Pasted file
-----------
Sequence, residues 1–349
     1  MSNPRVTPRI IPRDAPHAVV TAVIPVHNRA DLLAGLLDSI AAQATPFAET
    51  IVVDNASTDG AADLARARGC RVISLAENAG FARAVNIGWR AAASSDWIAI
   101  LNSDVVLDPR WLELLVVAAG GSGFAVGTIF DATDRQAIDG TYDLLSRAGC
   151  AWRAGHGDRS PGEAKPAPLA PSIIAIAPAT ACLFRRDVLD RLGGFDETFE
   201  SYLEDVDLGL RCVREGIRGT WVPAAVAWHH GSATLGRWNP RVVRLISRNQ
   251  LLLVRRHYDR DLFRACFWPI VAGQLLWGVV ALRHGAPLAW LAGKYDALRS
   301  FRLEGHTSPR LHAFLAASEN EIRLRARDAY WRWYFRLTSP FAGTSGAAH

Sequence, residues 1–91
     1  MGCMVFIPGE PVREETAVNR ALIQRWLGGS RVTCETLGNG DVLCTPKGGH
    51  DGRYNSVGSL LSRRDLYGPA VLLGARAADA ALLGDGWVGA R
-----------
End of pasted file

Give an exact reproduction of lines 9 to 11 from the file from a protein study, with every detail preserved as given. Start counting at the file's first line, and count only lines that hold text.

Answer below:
Sequence, residues 1–91
     1  MGCMVFIPGE PVREETAVNR ALIQRWLGGS RVTCETLGNG DVLCTPKGGH
    51  DGRYNSVGSL LSRRDLYGPA VLLGARAADA ALLGDGWVGA R